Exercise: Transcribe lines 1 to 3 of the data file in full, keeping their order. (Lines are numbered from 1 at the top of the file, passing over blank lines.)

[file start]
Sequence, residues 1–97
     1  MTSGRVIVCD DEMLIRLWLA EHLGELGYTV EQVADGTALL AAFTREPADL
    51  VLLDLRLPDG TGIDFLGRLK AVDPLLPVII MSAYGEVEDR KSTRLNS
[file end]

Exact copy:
Sequence, residues 1–97
     1  MTSGRVIVCD DEMLIRLWLA EHLGELGYTV EQVADGTALL AAFTREPADL
    51  VLLDLRLPDG TGIDFLGRLK AVDPLLPVII MSAYGEVEDR KSTRLNS